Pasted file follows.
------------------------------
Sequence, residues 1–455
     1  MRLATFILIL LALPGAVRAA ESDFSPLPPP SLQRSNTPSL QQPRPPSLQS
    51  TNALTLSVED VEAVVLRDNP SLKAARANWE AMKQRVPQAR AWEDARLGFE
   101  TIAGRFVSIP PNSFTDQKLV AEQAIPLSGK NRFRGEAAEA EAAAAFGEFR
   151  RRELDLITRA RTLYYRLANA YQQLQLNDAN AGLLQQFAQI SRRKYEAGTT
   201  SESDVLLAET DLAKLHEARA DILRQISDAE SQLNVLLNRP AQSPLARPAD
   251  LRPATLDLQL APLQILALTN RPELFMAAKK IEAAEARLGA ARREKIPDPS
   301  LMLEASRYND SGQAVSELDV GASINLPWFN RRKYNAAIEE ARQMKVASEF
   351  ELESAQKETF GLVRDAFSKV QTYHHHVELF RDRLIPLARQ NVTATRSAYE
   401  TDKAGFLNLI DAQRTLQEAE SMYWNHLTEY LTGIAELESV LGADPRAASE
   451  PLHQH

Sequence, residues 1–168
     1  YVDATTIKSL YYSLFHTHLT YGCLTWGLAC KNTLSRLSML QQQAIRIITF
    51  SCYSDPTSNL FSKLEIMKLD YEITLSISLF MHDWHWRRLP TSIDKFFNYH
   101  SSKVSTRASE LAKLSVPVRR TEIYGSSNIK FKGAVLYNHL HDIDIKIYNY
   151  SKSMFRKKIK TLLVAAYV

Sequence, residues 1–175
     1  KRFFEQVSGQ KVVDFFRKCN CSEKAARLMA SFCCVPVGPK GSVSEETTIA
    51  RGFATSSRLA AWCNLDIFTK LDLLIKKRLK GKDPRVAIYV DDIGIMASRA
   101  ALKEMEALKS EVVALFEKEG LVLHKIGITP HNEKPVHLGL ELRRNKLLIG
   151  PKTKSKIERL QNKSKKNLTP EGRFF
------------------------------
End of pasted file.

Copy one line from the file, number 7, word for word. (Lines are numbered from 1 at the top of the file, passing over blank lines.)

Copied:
   251  LRPATLDLQL APLQILALTN RPELFMAAKK IEAAEARLGA ARREKIPDPS